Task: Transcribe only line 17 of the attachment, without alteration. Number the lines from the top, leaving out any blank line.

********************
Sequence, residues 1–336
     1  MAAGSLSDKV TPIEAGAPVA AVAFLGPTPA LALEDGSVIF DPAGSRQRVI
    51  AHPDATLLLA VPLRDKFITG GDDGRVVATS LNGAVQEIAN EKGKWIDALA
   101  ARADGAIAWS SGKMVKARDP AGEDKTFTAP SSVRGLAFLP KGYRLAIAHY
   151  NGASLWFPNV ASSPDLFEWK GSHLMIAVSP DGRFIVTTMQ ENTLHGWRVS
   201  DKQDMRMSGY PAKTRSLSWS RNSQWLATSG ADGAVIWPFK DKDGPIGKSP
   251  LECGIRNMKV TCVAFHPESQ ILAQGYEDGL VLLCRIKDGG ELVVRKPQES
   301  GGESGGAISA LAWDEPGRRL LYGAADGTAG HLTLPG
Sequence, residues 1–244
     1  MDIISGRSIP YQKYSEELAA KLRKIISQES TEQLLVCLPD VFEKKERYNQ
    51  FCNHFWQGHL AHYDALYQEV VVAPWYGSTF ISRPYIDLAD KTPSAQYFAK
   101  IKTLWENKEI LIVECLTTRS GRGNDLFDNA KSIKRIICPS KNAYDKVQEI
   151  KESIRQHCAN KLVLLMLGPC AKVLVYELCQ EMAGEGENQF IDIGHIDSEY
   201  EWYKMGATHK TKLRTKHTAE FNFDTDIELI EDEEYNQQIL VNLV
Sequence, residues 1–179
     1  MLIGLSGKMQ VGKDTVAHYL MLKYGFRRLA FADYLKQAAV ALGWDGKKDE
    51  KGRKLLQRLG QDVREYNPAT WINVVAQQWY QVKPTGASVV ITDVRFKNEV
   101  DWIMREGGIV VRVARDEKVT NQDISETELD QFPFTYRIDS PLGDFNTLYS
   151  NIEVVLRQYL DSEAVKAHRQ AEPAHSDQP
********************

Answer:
    51  KGRKLLQRLG QDVREYNPAT WINVVAQQWY QVKPTGASVV ITDVRFKNEV